The house, constructed by Antone Kestner ca. 1892 and altered in the 1950s, rests on a concrete, slab-on grade foundation. It is rectangular in shape, one-and-a half stories high, and rustic in appearance. The walls are built of logs hewn on four sides to 6-inch by 6-inch dimensions, and covered by cedar-shake siding. The gabled roof is supported with log rafters and finished with 2-foot x 2-foot cedar shakes. The south, east, and west elevations include several single-pane, aluminum framed windows. The east elevation includes a loggia, which extends from the car-port to the main entrance. The north elevation is obscured by the addition which links the house to a woodshed, used today as a storage space.

Today, the house strongly resembles the historic design in character, despite alterations completed after the historic period. The house resembles the historic design in its scale, massing, and materials. The roofline retains the gabled end on the south side, while the entire structure remains entirely clad in cedar shakes. The most important alteration, however, is the carport addition to the woodshed. This open-air carport addition extends approximately 20-feet from the east elevation of the woodshed. The roof of the carport, a shed addition in appearance, slopes down at a narrow angle, away from the building. The ground plane is surfaced with concrete. The woodshed includes a contemporary garage door; it is painted white (which stands in stark contrast with the faded brown color of the cedar siding) and has three single-paned windows that run horizontally across the top third of the door. Although the roof of the addition is sympathetic to the original structure in materials and architectural lines, the purpose of the addition is a contemporary one. Other alterations include the following the replacement of the historic log foundation with a concrete slab-on-grade treatment. The porch and original main entrance to the house on the south elevation was removed; today, the main entrance is located on the east elevation. The south, east, and west elevations include several single-pane, aluminum framed windows, which were added after the historic period, replacing the original double-hung, multi-paned windows. A contemporary sliding glass door was added between the wood shed and new entrance on the east elevation.


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TRAPPER SHELTER



Click on photos to enlarge



Trapper Shelter - 2003
Trapper Shelter - 2003
Posted by RodF on NWHikers.net
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Trapper Shelter - 2003
Posted by RodF on NWHikers.net
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Trapper Shelter - 2005
Posted by RodF on NWHikers.net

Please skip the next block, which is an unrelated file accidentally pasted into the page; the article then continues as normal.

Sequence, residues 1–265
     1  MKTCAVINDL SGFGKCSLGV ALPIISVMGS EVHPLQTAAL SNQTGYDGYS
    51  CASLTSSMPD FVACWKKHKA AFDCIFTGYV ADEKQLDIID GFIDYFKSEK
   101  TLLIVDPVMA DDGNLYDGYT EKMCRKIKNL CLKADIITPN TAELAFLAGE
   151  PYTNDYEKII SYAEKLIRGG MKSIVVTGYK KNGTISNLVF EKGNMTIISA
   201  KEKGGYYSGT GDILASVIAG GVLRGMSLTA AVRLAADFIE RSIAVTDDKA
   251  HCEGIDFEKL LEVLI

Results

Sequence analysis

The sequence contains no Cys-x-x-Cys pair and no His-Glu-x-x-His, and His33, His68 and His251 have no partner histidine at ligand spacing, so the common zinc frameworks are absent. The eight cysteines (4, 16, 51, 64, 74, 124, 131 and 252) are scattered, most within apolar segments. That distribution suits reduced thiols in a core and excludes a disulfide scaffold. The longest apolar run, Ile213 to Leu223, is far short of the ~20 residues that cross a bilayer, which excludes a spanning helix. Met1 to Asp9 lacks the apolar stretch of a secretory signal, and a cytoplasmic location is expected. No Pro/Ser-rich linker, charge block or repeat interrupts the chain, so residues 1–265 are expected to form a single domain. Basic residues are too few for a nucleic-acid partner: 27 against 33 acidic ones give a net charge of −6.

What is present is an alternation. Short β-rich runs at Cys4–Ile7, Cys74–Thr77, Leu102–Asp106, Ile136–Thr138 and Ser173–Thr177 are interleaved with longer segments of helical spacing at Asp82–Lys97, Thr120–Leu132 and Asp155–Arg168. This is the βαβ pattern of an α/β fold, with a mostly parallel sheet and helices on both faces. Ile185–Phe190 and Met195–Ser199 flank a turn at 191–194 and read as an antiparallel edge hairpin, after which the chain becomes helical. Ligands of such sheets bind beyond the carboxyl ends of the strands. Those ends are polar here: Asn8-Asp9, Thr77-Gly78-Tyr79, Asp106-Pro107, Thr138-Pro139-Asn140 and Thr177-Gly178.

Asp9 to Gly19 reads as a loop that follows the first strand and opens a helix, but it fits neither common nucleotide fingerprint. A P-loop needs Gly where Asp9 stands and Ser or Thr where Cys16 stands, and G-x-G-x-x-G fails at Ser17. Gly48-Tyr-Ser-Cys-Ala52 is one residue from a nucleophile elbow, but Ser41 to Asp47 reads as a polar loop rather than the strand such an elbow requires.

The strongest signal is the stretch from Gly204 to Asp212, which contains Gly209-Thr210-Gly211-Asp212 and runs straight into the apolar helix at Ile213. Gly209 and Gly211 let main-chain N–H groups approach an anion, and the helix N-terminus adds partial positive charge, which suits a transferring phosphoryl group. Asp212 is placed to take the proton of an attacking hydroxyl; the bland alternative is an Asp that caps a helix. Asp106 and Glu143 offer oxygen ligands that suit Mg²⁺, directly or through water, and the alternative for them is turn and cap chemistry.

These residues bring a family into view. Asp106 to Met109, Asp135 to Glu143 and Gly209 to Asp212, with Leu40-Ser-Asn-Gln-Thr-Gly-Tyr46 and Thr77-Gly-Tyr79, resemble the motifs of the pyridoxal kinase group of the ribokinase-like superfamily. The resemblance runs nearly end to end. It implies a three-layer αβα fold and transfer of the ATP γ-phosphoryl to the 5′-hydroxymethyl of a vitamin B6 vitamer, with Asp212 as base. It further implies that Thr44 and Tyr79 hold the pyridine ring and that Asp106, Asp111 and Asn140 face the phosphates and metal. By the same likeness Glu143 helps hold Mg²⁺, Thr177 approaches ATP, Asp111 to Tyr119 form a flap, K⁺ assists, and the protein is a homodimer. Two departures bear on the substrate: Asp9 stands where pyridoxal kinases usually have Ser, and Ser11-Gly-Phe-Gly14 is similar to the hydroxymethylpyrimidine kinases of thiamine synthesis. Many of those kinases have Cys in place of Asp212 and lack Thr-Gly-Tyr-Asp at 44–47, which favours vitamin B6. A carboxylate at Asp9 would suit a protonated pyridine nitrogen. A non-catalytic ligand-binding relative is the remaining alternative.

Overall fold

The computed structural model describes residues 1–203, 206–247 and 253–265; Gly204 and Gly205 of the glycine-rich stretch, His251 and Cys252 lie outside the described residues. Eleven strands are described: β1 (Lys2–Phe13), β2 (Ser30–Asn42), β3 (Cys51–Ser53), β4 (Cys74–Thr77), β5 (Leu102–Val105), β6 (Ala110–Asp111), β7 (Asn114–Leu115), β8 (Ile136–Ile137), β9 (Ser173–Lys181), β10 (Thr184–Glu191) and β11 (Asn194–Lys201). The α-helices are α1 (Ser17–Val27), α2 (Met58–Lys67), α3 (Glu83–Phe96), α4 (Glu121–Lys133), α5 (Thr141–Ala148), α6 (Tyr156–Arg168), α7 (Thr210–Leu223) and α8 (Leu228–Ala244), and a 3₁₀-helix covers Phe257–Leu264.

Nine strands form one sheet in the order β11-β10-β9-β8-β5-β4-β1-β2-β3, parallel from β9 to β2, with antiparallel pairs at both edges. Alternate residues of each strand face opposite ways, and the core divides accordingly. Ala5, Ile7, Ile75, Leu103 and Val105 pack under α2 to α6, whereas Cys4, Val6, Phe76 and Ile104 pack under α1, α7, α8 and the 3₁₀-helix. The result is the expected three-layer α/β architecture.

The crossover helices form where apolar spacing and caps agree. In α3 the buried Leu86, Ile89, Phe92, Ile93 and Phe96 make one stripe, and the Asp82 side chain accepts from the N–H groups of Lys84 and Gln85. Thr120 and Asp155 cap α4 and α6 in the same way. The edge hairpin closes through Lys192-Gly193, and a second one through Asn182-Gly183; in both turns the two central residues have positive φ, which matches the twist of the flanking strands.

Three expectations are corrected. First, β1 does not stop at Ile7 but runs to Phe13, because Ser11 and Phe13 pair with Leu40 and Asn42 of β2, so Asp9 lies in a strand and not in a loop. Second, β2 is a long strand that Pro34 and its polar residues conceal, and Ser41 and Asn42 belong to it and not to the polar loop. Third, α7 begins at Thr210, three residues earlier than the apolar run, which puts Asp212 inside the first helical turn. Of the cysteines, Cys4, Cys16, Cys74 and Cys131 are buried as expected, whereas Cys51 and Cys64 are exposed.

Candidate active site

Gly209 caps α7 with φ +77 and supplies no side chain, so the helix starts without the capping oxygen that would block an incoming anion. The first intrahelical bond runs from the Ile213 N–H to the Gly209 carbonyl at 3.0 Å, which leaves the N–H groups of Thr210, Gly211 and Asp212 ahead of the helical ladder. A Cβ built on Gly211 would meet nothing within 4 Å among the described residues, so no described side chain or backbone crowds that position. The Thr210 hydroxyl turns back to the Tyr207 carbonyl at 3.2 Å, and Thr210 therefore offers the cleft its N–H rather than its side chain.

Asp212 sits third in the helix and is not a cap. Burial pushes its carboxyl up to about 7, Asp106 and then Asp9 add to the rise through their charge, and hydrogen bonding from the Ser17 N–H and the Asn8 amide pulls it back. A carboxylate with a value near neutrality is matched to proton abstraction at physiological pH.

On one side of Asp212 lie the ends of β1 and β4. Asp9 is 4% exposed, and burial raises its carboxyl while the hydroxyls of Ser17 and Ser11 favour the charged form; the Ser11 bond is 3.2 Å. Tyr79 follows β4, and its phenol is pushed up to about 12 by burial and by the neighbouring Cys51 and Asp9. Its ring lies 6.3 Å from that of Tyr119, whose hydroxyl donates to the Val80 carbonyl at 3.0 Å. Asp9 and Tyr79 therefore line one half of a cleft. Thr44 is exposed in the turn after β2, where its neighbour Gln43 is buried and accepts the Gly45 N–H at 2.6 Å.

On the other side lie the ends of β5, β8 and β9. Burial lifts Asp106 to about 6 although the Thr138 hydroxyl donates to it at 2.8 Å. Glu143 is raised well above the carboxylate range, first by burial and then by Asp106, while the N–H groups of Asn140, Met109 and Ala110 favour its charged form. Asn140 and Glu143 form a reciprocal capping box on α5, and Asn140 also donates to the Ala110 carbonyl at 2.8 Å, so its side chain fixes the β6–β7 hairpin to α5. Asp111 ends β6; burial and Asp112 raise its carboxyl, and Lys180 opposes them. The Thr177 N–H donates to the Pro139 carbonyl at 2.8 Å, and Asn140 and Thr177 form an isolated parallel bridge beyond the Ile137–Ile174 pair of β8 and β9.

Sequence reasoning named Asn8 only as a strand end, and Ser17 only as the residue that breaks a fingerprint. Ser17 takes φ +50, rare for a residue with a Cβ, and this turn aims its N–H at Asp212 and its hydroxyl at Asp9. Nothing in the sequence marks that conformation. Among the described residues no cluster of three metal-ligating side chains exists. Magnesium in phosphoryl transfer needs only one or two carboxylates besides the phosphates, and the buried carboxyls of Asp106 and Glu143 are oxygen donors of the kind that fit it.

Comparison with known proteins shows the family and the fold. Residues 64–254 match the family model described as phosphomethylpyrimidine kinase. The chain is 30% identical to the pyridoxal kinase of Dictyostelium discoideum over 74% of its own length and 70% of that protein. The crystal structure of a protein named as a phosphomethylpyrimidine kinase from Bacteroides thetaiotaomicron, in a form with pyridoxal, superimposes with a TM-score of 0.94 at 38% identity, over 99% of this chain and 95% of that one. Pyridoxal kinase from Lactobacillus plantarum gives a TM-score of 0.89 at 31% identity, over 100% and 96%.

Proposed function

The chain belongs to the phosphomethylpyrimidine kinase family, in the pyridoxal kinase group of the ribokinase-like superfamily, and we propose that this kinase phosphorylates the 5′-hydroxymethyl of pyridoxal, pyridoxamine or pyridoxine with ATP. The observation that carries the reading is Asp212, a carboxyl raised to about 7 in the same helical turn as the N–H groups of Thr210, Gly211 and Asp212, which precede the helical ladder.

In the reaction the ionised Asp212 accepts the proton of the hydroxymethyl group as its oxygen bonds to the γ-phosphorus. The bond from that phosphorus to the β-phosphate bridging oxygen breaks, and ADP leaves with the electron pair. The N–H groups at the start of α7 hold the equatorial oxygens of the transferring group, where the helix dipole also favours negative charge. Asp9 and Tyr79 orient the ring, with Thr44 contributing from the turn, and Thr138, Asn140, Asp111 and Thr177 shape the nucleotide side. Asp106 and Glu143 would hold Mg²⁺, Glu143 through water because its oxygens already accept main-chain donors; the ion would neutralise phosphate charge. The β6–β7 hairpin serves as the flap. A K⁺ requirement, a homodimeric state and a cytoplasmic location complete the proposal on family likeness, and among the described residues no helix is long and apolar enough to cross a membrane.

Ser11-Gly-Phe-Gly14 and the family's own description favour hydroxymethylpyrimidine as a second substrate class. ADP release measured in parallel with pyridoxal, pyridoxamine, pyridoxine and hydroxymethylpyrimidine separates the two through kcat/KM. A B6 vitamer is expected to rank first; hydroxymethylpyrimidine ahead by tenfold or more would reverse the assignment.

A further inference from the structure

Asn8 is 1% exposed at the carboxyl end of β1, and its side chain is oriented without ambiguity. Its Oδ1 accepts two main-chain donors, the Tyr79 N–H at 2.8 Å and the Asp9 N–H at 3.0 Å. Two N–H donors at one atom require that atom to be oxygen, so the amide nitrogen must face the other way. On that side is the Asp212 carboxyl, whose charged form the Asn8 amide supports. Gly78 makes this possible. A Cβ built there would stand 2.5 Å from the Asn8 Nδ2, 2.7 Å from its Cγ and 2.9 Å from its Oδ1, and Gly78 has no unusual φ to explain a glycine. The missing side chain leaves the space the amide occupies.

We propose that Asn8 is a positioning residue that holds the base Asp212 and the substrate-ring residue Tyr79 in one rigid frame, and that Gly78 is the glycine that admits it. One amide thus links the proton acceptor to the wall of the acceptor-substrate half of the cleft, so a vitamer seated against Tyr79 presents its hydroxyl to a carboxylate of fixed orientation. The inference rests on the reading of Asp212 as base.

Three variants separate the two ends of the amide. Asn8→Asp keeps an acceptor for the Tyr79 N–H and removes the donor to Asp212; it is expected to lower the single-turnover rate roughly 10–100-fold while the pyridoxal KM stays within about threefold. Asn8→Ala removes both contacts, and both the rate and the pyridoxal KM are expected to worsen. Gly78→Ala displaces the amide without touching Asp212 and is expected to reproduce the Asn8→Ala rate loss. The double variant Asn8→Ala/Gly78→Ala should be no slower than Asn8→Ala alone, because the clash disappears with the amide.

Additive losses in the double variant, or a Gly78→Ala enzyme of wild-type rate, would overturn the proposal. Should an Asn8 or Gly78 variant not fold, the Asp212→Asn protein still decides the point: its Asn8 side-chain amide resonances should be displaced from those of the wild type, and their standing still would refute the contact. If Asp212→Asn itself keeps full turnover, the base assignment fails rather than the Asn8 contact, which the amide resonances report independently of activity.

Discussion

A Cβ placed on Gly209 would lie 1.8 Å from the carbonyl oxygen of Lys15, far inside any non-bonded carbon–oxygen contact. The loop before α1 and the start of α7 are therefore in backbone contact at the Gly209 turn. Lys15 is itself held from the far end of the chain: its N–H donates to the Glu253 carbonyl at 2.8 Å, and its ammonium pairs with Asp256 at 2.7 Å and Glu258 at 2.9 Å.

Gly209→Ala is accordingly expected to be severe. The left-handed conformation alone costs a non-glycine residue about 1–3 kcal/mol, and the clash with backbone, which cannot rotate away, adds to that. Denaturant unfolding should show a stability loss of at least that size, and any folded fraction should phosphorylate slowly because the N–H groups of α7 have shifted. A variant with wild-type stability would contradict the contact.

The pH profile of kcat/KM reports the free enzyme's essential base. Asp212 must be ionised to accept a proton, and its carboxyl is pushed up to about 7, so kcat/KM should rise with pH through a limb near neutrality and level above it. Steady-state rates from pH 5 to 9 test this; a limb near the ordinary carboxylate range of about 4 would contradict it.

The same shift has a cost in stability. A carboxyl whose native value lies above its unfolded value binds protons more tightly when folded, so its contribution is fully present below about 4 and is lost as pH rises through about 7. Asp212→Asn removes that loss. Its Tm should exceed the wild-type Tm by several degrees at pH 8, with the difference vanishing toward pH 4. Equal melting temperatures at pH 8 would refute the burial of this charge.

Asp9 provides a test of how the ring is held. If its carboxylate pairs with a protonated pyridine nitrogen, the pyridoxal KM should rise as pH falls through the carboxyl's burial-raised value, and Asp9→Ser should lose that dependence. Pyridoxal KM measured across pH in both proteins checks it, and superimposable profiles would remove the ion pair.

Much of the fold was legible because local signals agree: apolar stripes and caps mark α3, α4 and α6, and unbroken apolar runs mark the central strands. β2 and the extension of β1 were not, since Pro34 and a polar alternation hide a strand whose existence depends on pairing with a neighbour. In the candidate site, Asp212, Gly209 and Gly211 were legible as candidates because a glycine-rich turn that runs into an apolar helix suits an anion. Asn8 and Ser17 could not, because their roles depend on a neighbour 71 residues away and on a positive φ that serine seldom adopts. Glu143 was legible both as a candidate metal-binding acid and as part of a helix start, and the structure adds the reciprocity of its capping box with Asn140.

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Trapper Shelter - 2005
Posted by RodF on NWHikers.net
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Trapper Shelter - 2005
Posted by RodF on NWHikers.net
Trapper Shelter - 2005
Trapper Shelter - 2005
Posted by RodF on NWHikers.net
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Trapper Shelter - 2005
Posted by RodF on NWHikers.net
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Trapper Shelter - 2005
Posted by RodF on NWHikers.net
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Trapper Shelter - 2005
Posted by RodF on NWHikers.net
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Trapper Shelter - 2005
Posted by RodF on NWHikers.net
TRAPPER SHELTER - 2005
Trapper Shelter - 2005
Posted by RodF on NWHikers.net
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Trapper Shelter - 2005
Posted by RodF on NWHikers.net
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Trapper Shelter - 1993
Posted by RodF on NWHikers.net and taken in 1993


Information from : http://www.hscl.cr.nps.gov/insidenps/summary.asp

The Trapper Shelter is individually eligible for listing on the National Register of Historic Places.

It is one of only five remaining shelters within Olympic National Park representing the final program of shelter construction. Trapper shelter exemplifies the continuing National Park Service commitment to providing recreational trailside shelters at popular backcountry locations. The structure retains integrity of design, location, materials, and workmanship.

 
Physical Event
Begin Year
Begin Year AD/BC
End Year
End Year AD/BC
Designer
Designer Occupation
1. 
Built
1963
AD
1963
AD
National Park Service
Other


 
Structural Component(s)
Material(s)
1. 
Walls
Log
2. 
Roof
Shake


Short Physical Description:

The Trapper shelter is a three-sided structure measuring roughly 14 wide by 14 deep.

Long Physical Description:

The wall and sill logs average 11 in diameter and rest on individual stone footings. The rear wall was only 6 x2 in height, while the front opening was seven feet, and a ridge of 9. The open end of the side walls were stabilized by a pair of vertical 10 diameter logs, which in turn also supported the front roof purlin. Five rows of rafters support nine boards for the shake roof. The gable roof has a long slope to the back, and a short overhang at the front. The shingles are 42 long. The lower sections of the three exterior walls consist of vertical log slabs supported by a round log sill. The log slabs rise to the height of the back wall on all three sides. The gable end walls are then constructed of stacked 6 x 6 sawn timbers, trimmed to form the slope.